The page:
Eliminate Fear, Create Safety

February 20, 2019

Often silos within an organization are based on fear. There can be many different justifications for such fear. For example, the fear is expressed as territoriality, “This is my turf, no outsiders allowed.” You see this with teams who will not allow others access to whatever it is that they control. They use all sorts of justifications to support this (compliance, regulations, etc.), those reasons are often just smoke screens for the fact that they are afraid of opening up and letting others in. Outsiders are a threat. If you let someone in they get to see how you work, and maybe they will recognize areas of weakness (change, improvement). Sometimes they do not fear the outsiders as much as they fear their own management. This is typically manifested as a pattern of C.Y.A. (Cover Your A**) behavior. When this happens, you find resistance to letting others in because it may expose them to criticism by others.

How does fear manifest itself? If you are trying to talk to someone in another group and they start whispering to you so they can’t be overheard by others, that should be considered to be a strong indicator of a culture of fear. This is someone who feels that they cannot say certain things without some sort of punishment. On the other hand, the fact that they are willing to take a risk and share with you at all is a sign of trust on their part – trust in you.

What can we do about it?

First, we need to acknowledge that there probably is not much we can change in their environment. Whatever is causing the issues with fear hopefully has little to do with you. That means that all you can do is make sure that you do not aggravate the situation further when you are in their domain. The last thing they need to do is fear you too. That means that you have to be willing to deal with them in a fashion where they do not feel threatened. If they think you are going to escalate issues to their management, then you are not going to have a chance to build any trust with them. On the other hand, if they believe that they can bring difficult issues to you and that you will do everything you can to help them out, and then you have a shot to build a better relationship.

How can we create safety?

Ultimately, what we are after is the kind of relationship with the other group that can be open an honest. That does not mean everybody is happy all the time. Quite to the contrary, a healthy relationship, a safe relationship is one where the two groups can get upset with each other and express grievances. Signs of safety?

  • Disagreement
  • Emotion
  • Reassurance
  • Laughter
  • Good-natured teasing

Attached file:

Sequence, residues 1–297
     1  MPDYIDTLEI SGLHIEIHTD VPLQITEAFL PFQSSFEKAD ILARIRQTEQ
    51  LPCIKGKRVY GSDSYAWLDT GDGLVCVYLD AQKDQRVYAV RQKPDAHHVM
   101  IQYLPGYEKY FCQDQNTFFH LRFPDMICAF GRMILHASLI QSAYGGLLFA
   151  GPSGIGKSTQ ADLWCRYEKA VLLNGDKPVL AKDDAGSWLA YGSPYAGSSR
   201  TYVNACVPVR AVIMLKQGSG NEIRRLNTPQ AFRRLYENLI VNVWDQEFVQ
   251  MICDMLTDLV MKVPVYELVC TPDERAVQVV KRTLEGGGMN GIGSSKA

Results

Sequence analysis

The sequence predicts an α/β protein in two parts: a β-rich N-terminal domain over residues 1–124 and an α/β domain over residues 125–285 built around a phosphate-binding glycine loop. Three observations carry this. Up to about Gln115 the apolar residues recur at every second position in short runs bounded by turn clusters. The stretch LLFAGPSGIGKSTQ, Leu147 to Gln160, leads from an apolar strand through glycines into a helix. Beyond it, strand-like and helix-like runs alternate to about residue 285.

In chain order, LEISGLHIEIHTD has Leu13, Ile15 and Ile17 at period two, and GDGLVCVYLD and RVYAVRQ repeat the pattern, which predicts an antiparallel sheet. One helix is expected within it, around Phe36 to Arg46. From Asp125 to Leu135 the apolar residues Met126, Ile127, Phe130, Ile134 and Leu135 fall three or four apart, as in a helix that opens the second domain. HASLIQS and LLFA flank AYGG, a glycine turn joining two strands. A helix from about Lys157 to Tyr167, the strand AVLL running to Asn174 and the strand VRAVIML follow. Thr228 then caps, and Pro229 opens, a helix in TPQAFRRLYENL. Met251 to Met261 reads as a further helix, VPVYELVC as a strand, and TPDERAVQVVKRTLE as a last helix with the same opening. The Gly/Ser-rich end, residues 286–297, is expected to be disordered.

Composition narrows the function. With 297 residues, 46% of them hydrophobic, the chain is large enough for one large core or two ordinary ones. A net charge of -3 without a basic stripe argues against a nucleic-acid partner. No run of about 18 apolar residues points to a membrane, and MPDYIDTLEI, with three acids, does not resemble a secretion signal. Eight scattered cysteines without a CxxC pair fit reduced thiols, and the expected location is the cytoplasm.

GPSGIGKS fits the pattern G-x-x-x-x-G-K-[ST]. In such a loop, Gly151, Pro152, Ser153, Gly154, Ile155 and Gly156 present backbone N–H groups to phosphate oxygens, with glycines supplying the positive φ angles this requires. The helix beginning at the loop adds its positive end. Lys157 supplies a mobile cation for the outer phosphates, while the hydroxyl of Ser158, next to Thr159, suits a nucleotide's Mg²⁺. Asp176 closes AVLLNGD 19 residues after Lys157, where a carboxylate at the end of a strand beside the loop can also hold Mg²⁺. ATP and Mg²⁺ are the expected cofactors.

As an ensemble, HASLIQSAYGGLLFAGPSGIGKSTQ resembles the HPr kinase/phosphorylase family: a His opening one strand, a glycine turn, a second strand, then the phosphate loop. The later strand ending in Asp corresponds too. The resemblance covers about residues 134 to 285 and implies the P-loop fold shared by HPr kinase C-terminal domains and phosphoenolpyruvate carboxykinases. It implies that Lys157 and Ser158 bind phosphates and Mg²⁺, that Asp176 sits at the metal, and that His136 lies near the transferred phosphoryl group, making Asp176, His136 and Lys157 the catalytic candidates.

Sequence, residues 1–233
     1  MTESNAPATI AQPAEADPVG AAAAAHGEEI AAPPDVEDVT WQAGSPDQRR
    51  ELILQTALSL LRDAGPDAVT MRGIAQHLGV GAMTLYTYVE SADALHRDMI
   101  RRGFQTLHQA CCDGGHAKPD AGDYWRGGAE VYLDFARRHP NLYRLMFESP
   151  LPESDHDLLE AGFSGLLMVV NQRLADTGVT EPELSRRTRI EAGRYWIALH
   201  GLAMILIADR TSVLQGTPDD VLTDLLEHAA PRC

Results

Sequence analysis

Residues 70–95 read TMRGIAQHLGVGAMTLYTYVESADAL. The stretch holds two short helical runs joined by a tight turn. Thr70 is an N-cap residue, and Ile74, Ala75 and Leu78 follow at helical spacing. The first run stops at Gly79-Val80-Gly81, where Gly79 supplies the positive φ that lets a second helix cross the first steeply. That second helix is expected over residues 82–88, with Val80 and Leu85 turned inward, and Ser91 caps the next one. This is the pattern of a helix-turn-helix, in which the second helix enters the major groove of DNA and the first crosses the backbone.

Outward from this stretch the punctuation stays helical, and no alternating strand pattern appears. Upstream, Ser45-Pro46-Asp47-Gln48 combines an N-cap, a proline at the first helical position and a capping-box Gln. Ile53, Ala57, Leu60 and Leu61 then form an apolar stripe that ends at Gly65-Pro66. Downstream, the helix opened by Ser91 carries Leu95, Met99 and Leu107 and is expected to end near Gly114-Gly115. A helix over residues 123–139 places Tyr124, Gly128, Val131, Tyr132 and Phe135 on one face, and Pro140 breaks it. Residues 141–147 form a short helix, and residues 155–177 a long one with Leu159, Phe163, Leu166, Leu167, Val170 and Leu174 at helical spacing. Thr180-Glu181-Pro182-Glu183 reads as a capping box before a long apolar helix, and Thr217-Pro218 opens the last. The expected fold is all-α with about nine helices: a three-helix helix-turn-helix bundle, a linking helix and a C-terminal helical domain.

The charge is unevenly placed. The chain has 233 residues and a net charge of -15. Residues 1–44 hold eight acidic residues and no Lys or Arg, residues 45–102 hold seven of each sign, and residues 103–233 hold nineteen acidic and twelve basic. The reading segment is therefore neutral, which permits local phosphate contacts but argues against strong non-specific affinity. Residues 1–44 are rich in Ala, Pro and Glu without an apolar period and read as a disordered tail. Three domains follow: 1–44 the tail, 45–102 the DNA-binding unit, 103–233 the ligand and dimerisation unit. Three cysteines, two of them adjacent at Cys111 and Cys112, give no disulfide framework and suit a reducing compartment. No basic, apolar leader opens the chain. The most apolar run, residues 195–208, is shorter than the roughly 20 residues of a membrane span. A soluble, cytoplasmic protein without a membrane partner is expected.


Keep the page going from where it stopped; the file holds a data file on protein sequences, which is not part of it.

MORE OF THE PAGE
Some of these things may seem contradictory. Emotion, especially strong emotion can seem very threatening. Disagreement and conflict can also be seen as a threat. However, in an environment where people feel safe, these things are part of healthy interaction. You need someplace where people can feel passionate (strong emotions). You need someplace where people can take a contrary position and debate alternatives (disagreement).

Bad Programmers

May 23, 2010

There was an article in the CACM recently that caught my attention entitled, “In Praise of Bad Programmers”

Still here?

Apparently the provocative  title really sets off some fire alarms for people. I shared the article, which I personally thought was great, with a team and we discussed it together. I thought the whole conversation went really well and I thought it felt very productive. Afterward, I discovered that everyone in the room had apparently been thinking one thing: “He thinks I’m a bad programmer”. I’m not sure they recalled any of the conversation after reading the article. In fact, I’m quite sure they didn’t.

That reaction probably says a few things about us:

  1. We don’t feel safe talking about our skills with each other
  2. The team felt some sort of judgement was being made by me
  3. How you frame the conversation really does make a difference

Having done this sort of thing for a while, none of the above particularly shocks or surprises me. It’s just a reminder that some conversations with teams are harder than others. You don’t avoid them, but you need to be prepared to set the stage well before the conversation, make sure the team feels safe enough to deal with the conversation, and have a way to check in with them afterward to make sure your read on the conversation isn’t incorrect.

Oh, and if they’re still angry after all that, then it’s really their problem. I’m a coach not a therapist.